jmillikin
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    I contributed one of the articles in this issue; AMA?

    I contributed one of the articles in this issue; AMA?

    5 votes
  8. Comment on Stop using encrypted email in ~comp

    jmillikin
    Link Parent
    The article is about what can be used today, with existing technology. It also goes into some depth about why the user experience of email (e.g. searchable long-term archives) is difficult (or...

    While it would require an entirely different protocol than email, there would seem to be no fundamental reason why a messaging system with email-like messages could not be just as secure and easy to use as Signal or Matrix. It simply doesn't exist right now.

    The article is about what can be used today, with existing technology. It also goes into some depth about why the user experience of email (e.g. searchable long-term archives) is difficult (or impossible) to reconcile with secure communications.

    And while I use age personally, CLI-only utilities are not reasonable secure alternatives to email. I can easily get other board members to use Signal. It's unlikely many of them would even know what a command line is.

    I bet you could get them to host PDFs in a secure document management system, or even just Google Drive. If you absolutely need cryptographic signatures, Acrobat has that feature: https://helpx.adobe.com/acrobat/using/securing-pdfs-certificates.html

    1 vote
  9. Comment on Stop using encrypted email in ~comp

    jmillikin
    Link Parent
    I think you've misunderstood the author's position. Encrypted email should not be used, because it does not provide the security benefits the user believes they're getting. For the use case of...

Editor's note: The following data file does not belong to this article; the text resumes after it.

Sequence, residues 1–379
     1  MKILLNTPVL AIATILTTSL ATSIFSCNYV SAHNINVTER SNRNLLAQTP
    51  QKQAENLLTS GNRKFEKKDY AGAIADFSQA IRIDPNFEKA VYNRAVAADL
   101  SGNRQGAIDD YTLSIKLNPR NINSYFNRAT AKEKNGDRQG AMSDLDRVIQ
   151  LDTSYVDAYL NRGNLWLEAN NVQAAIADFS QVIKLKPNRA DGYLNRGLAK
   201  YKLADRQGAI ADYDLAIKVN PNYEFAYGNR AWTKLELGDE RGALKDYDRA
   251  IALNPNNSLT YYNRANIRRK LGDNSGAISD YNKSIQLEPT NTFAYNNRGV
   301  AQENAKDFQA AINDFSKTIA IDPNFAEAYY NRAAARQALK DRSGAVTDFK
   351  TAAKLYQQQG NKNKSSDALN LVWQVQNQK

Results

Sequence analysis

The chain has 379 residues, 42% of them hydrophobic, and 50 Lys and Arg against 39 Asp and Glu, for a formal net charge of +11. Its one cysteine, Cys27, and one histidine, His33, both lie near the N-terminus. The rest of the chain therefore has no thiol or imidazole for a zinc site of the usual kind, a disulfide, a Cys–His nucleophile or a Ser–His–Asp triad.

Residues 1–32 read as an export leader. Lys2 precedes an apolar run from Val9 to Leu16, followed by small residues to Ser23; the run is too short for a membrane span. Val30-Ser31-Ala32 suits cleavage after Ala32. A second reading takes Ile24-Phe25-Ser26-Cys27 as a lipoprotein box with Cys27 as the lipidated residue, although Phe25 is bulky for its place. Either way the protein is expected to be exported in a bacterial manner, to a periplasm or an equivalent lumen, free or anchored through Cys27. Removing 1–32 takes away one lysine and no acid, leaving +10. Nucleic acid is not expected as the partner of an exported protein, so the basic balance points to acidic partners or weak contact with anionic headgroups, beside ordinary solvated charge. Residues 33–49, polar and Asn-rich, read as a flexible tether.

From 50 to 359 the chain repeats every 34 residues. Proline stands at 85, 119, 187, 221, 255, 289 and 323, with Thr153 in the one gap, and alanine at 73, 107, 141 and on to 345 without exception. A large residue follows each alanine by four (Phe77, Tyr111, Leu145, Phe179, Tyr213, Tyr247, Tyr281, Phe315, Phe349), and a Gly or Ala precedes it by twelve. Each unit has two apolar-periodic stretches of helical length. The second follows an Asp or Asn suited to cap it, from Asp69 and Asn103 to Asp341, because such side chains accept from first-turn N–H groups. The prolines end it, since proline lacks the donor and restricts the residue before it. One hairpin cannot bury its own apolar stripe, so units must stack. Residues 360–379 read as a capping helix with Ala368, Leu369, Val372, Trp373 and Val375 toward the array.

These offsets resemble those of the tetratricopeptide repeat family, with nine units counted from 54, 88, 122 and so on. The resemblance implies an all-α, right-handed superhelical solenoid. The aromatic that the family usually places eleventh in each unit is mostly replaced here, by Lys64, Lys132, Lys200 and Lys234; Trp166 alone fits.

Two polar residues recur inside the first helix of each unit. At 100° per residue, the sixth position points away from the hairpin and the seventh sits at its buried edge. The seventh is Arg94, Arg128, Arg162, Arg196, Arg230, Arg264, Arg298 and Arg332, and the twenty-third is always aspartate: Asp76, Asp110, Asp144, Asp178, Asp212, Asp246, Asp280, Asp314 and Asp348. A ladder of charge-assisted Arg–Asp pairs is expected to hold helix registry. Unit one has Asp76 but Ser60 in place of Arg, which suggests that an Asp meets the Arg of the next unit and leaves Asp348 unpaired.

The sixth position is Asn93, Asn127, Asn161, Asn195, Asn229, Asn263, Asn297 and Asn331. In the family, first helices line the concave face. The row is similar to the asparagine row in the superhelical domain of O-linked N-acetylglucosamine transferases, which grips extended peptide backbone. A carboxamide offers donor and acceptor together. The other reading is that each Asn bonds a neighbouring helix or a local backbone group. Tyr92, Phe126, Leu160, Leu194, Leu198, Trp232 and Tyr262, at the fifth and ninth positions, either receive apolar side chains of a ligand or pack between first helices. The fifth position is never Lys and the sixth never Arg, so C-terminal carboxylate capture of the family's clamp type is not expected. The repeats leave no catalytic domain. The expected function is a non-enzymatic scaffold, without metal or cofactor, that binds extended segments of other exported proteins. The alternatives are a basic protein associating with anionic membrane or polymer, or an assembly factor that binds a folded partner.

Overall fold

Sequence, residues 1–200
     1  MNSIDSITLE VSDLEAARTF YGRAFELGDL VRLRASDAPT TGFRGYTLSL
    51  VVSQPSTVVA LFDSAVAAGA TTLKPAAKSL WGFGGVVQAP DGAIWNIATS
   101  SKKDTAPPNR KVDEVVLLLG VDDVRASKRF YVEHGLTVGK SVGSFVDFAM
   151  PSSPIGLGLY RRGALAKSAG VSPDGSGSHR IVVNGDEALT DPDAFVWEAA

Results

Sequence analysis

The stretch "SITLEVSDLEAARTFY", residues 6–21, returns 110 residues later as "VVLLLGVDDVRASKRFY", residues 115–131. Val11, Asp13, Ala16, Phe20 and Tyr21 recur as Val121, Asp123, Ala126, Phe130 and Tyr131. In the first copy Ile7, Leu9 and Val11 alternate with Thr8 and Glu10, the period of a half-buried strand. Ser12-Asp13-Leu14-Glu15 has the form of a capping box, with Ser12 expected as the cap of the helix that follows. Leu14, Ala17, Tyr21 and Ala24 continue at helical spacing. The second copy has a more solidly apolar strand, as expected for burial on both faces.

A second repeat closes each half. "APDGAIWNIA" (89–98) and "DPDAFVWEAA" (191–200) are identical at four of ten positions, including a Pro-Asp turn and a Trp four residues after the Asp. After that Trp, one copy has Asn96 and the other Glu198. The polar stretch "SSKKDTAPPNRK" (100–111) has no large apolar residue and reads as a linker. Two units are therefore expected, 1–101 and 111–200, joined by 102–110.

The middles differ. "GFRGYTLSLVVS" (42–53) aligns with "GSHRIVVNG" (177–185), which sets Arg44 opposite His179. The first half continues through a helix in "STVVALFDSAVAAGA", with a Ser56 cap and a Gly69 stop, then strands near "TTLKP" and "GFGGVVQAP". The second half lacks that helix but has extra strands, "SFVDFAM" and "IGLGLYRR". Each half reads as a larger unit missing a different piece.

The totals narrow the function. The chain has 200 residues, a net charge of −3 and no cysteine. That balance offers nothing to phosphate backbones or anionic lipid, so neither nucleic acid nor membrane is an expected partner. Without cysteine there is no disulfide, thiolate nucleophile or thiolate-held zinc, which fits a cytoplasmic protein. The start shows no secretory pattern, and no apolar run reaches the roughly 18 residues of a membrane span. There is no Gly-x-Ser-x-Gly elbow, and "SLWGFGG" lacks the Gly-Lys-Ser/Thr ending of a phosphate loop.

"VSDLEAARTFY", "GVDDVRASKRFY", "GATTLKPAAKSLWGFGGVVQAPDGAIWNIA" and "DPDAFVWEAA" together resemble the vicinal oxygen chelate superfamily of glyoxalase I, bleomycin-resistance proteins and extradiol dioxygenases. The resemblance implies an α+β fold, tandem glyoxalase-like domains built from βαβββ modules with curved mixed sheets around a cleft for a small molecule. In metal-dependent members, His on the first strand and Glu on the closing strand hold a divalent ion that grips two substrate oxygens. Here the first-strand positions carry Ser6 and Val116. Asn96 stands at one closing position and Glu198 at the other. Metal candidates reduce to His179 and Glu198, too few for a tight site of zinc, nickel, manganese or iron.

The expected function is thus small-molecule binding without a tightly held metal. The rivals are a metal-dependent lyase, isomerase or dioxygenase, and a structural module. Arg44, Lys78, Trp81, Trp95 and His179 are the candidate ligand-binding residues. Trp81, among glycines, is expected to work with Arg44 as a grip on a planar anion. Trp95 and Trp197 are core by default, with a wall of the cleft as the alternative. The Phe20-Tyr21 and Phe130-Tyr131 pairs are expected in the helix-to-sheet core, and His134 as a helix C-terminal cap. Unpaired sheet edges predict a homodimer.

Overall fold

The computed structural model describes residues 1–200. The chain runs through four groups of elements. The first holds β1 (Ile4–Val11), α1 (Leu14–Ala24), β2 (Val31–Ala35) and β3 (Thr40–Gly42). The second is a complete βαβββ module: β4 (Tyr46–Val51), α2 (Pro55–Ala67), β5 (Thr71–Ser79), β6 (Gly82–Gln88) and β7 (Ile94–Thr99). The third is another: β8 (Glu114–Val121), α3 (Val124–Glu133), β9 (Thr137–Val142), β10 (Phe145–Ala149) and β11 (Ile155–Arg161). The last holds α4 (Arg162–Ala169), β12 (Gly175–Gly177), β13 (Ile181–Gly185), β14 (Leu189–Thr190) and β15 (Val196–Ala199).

stop saying instant messengers are a suitable replacement for encrypted email.

    I think you've misunderstood the author's position.

    • Encrypted email should not be used, because it does not provide the security benefits the user believes they're getting.
    • For the use case of "email for short private messages", a secure short-message application like Signal is a reasonable alternative.
    • For some other use cases (the article specifically mentions secure file transfer), Magic Wormhole or Age are good choices.

    For your specific goals:

    • If you have a document that you want to send out, and don't need it to be secure against government-level surveillance, unencrypted email would be fine. There is no need to PGP internal corporate memos.
    • If you want to create an unencrypted document with a cryptographic signature, prefer PDF (or OpenDocument/Word, or RTF, etc).
    • If you want to carefully control access to a sensitive document, send it via a link to a separate document-management tool that supports proper ACLs. Google Drive (or equivalent for whatever vendor you're using) works well for this.

    E2E encryption would be useful, even disregarding state-level adversaries. For example, an E2E-encrypted system would allow users to have conversations without concern that the system's administrators could access them. Consider personnel discussions regarding the administrators, for example.

    See, this is why the article is written. Your belief that encrypted email protects you against a hostile mail server sysadmin is plausible, and true in certain extremely limited circumstances, but generally wrong.

    Speaking as someone who has done some amount of sysadmin work:

    • A person with admin-level access to your local workstation (e.g. the IT department with corporate-managed device) also has, or can trivially obtain, access to all data you view with it.
    • Even if your IT policy allows reading work email on a personal device, it is extremely difficult to protect your emails from someone with access to the mail server -- see https://efail.de/ for one recent example.

    If you want to talk about downsizing the Exchange admin, then you should have that conversation over Signal.

    4 votes